Finding a Compromise for Tomorrow's Relations Between UE and UK

Finding a Compromise for Tomorrow's Relations Between UE and UK


Enlargement is the name of the process whereby countries join the European Union. It was thought to be irreversible. Then came Brexit. Paola Mariani devoted her most recent research activity to the United Kingdom withdrawal from the Union. In her book Lasciare l’Unione Europea: riflessioni giuridiche sul recesso nei giorni di Brexit (EGEA 2018), she analyzes the exit through the lens of international law and EU law, offering a systematic and original interpretation of the article 50 of the Treaty on European Union.
In the first case of interpretation of this same article by the Court of Justice (Andy Wightman MSP and others v Secretary of State for Exiting the EU), the advocate general Campos Sánchez-Bordona quoted, among other international academic contributions, the work of professor Mariani in support of the thesis to allow unilateral revocation of the notification of the intention to withdrawal.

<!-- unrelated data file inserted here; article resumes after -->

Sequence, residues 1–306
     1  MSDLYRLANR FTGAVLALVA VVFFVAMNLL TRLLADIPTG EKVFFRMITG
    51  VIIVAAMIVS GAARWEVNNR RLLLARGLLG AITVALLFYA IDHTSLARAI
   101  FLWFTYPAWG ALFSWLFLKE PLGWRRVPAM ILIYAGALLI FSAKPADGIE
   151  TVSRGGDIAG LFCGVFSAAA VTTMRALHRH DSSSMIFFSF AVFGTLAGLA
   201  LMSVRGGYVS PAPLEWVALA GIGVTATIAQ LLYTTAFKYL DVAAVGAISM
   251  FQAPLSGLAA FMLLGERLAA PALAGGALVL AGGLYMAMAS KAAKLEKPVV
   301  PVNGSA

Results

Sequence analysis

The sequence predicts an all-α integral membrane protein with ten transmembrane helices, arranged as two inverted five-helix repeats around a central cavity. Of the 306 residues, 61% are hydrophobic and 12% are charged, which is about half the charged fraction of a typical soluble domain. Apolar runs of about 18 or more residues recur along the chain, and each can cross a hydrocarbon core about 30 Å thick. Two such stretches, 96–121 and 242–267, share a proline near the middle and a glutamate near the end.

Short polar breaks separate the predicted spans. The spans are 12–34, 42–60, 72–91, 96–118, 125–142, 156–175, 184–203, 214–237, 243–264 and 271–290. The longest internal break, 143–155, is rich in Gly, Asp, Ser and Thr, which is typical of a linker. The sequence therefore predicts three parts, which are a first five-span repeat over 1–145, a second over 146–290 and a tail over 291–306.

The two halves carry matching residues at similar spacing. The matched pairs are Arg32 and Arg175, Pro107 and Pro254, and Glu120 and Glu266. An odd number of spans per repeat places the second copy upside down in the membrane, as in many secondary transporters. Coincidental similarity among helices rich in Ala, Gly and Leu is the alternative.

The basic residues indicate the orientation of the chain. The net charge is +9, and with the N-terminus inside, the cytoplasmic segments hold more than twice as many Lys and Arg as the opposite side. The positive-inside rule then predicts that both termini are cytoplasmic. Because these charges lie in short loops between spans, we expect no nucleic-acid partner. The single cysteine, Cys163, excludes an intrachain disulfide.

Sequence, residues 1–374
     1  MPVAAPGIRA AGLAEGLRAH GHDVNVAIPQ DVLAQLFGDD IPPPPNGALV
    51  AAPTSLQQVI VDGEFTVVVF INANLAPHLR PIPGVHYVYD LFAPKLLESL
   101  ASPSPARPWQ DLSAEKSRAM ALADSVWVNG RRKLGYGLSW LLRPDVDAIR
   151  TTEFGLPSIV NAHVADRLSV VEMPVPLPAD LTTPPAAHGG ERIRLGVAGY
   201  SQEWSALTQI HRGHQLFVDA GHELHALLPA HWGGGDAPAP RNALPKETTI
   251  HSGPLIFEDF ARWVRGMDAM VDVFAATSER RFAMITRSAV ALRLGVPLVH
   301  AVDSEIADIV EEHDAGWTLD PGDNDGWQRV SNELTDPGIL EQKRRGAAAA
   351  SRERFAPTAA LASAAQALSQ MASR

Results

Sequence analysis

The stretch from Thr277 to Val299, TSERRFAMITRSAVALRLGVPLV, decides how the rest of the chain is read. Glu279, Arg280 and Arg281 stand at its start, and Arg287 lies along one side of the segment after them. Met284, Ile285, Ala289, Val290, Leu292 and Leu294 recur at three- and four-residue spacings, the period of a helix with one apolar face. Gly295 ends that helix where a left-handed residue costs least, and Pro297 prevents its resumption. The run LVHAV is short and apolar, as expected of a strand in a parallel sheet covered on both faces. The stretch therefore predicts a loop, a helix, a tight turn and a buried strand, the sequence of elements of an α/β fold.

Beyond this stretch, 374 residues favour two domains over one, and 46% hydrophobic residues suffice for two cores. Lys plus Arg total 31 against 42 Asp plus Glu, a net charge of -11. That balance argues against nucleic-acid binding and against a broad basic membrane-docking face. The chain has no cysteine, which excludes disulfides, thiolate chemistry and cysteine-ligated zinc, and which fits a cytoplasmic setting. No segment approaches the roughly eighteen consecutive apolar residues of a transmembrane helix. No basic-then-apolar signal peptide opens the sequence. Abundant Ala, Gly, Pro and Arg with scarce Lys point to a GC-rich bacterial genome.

In her article Brexit e il sistema di soluzione delle controversie nell’accordo di recesso dall’Unione europea: quale ruolo per la Corte di giustizia?, professor Mariani focuses on the role of the Court of Justice in resolving disputes between the UK and the EU during the transitional period that will last until 31 December 2020. “British prime minister Theresa May’s government put down some Brexit red lines including the end of the jurisdiction of the European Court of Justice. The greater the use of EU rules in relations with the UK, the less the possibility of excluding the Court from the dispute settlement system”.
In The Framework of Future Relations: Trade, a working paper that will be included in the collective work The Law and Politics of Brexit (Oxford University Press), Paola Mariani and Giorgio Sacerdoti explore the future of EU-UK trade relations. “The most sensitive issue is the re-establishment of a hard border between the Republic of Ireland and Northern Ireland. The stabilization of the relations between the ‘two Irelands’ took place along with the realization of the common market. The end of the free market could mean the resurgence of the conflict”. The future of trade relation between EU and UK is not written. It will be a compromise between the aspirations of the UK to conduct an independent trade policy and the aspirations of the EU to preserve the unity of its market.

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